We crossed the river to see the National Assembly building, crossed back over between the Grand Palace and the Petit Palace, and continued down the Champs-Elysees. We stopped at the Ladurée bakery, reputed to have the best macaroons in the world. It was packed, and while we waited in line we looked at the wares. Tarts, croissants, pastries, pies, cookies, macaroons, puffs and sweets of all kinds. The shop itself is very ornate and prettily decorated. We each got some macaroons and headed out.

At the end of the Champs-Elysees is the Arc De Triomphe. We climbed it — too many steps, a few hundred at least — and got nice photos of the view. I daresay the view is better than the Eiffel Tower’s; you’re able to see more clearly and recognize what you’re seeing. We ate our cookies atop the arch. I had: two chocolate, one raspberry, one red berry, one coffee, one lemon, one pistachio and one vanilla. They were absolutely delicious.

We had a late lunch/early dinner at an Italian restaurant near the arch. Lauren had a cheese pizza with ham, olives and mushrooms. I had a cheese pizza with prosciutto and we shared water and spent a couple of hours chatting, before we retired to the flat.

Whew! By this time my legs were getting quite sore. Stay tuned for days three and four.

A damp day in London

I get a bit of a rush whenever I step off the train at a London station. I got it when I went from Reading to Paddington, and I get it when I go from Canterbury to St. Pancras. I love going into London, because it exhausts me — I’ll sleep like a baby tonight — and it challenges me, as I try to find my way around, discover new places and keep up with the fast pace. Best exercise I’ll get all week.

I don’t get to go into London very often, about once or twice a month, so when I go, I leave early and come back late, so I get a full bang for my buck (quid?). Take today, for instance. Instead of leisurely seeing two or three things, I covered a lot of ground, most of it in the West End or in Chelsea/Knightsbridge.

First I hit Hummingbird Bakery near Soho, where I picked up a red velvet cupcake (the house specialty) and a cola cupcake (Friday special). I ate my red velvet cupcake with a peppermint mocha at Starbucks on Regent Street, and visited the Regent Street Apple store, the world’s largest by area.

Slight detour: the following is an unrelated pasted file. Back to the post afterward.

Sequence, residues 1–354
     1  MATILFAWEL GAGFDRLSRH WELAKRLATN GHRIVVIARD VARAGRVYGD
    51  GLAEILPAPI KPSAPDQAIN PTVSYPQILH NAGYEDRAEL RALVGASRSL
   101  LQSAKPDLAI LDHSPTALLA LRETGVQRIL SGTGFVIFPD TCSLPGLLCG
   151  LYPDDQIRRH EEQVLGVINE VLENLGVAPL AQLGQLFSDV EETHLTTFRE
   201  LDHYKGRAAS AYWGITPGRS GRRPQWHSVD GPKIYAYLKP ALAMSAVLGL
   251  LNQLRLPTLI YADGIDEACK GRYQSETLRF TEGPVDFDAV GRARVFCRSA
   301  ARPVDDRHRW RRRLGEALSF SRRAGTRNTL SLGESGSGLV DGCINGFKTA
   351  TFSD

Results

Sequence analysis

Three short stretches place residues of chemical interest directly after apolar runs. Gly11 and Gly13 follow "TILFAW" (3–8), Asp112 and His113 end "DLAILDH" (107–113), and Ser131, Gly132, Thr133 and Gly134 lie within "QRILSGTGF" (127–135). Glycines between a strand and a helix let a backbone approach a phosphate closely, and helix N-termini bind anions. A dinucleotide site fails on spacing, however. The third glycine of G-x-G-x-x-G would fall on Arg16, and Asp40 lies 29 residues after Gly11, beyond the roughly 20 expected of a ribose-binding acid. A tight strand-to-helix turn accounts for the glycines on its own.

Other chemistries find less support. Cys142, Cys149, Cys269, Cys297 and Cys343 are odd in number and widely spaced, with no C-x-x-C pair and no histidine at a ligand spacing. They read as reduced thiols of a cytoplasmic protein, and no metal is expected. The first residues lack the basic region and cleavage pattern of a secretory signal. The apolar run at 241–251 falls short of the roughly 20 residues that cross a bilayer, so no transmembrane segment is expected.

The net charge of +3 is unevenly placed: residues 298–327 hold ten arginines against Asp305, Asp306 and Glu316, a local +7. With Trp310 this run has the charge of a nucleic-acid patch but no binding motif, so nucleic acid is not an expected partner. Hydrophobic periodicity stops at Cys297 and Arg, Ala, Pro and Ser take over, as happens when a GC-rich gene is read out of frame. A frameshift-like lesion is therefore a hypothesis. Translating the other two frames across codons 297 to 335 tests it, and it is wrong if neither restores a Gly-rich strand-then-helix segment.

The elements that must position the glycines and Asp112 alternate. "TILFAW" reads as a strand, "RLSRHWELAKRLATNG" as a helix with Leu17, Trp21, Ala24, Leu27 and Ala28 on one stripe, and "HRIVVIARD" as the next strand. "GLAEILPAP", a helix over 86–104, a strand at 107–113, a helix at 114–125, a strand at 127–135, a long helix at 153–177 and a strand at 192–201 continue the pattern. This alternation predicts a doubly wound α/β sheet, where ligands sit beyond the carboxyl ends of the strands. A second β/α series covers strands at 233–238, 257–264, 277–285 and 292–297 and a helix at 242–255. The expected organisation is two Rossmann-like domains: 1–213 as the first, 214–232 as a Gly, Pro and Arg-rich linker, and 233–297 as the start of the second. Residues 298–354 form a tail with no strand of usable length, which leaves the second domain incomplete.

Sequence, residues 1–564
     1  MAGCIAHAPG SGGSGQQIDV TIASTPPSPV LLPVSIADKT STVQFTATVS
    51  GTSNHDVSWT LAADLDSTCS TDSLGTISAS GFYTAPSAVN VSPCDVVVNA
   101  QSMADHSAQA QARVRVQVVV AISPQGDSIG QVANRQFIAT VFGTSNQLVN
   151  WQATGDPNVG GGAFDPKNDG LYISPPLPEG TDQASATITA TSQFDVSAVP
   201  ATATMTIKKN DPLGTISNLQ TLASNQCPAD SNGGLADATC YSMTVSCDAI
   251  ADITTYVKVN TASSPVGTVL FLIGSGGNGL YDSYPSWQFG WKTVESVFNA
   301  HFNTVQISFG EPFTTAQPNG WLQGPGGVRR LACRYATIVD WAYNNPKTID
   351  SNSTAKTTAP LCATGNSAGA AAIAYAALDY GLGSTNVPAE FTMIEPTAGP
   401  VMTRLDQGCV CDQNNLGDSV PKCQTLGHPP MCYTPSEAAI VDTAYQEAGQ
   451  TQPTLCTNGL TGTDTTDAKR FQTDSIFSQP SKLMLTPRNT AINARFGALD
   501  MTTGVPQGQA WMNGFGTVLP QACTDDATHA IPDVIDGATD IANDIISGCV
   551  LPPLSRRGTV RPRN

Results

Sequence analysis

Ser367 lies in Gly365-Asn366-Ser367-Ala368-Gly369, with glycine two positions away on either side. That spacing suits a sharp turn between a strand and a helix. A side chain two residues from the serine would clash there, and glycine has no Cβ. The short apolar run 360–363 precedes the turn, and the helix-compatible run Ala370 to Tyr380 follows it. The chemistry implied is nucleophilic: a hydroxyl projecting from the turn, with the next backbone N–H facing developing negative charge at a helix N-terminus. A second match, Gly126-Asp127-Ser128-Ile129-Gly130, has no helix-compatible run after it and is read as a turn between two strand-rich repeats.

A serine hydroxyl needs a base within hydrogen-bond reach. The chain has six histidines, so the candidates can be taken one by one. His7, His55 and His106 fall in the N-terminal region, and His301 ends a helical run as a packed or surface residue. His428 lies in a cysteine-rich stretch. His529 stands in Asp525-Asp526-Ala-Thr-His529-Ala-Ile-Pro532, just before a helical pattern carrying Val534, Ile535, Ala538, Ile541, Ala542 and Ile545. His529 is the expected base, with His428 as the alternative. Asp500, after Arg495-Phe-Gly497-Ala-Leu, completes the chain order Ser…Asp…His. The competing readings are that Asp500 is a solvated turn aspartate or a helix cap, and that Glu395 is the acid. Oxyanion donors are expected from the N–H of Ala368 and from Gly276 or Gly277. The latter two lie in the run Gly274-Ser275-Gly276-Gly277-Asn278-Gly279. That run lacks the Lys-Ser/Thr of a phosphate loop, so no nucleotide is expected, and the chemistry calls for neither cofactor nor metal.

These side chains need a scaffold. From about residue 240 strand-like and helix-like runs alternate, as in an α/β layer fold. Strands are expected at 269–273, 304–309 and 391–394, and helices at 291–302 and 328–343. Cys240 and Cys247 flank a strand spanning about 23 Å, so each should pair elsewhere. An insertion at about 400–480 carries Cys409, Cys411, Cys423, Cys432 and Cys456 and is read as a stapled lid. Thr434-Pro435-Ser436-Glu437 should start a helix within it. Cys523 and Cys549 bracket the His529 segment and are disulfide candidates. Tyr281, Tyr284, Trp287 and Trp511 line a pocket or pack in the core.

After that I walked from Piccadilly Circus to Trafalgar Square, where I ducked inside the National Gallery to see a few of my favorite paintings: Botticelli’s Venus and Mars, Raphael’s portrait of Pope Julius II and Da Vinci’s Virgin of the Rocks. I went to the National Portrait Gallery to say hello to the Tudors and all of their associates — Elizabeth I, Henry VIII, Henry VII, Catherine of Aragon, Mary Stuart, Mary I, Catherine Parr, Thomas More, Thomas Cromwell, Edward VI. They’re all there, although poor Anne Boleyn was getting her portrait cleaned.

It was lunchtime after that, but I was dismayed to find that Tsunami wasn’t accepting lunch walk-ins. Making a note to make a reservation next time, I braved the Charlie Foxtrot that is Tottenham Court Road(work) for the foreseeable future, and had tacos at the UK’s only Chipotle on Charing Cross Road. Verdict: Just as yummy as at home, but they get brown rice as an option!

I was in a museum mood today, so next I stopped by the Natural History Museum and the Victoria and Albert Museum. The Natural History Museum has all kinds of animal skeletons, ecosystem exhibits and fossils, so it’s a popular place with school kids. The V&A Museum has a lot of sculpture, textiles and “industrial”/useful art. Harrods was just down the road so I went to look at expensive handbags, Seven for All Mankind jeans and the selection of dog collars. Harrods is already dolled up for Christmas, and the display theme this year is Peter Pan (when I was at Reading the theme was Casino Royale).

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Harrods was also unbearably hot, so after I finished there I went to Kensington Gardens and found the Peter Pan statue (I saw it once before but it was dark) and walked over to Hyde Park. By then it was getting a little dark and rainy, so I took the Tube to Covent Garden, where I promptly walked out onto the street, slipped on the wet stones and fell flat on my rear. How embarrassing.

There was another bakery near Covent Garden that I was going to try and find, but with the early darkness and rain I didn’t get to it. I grabbed coffee to give myself a boost and get out of the rain, before I went to a hopping Leicester Square to see “Let Me In” at the Odeon. The movie was pretty good and a nice twist on the vampire genre.

After the movie I took the Tube back to St. Pancras, where I observed the people just getting in from Paris and Brussels, grabbed some McDonald’s for dinner — first time I’ve had it since moving here — and caught my train home. Whew!

I’m going in again on Wednesday, and that day I’m shooting to see the Tate Modern, the British Museum and a few of the other parks, or at least St. James Park. Oh, and that second bakery …

(Today was also Guy Fawkes Night, but more on that tomorrow.)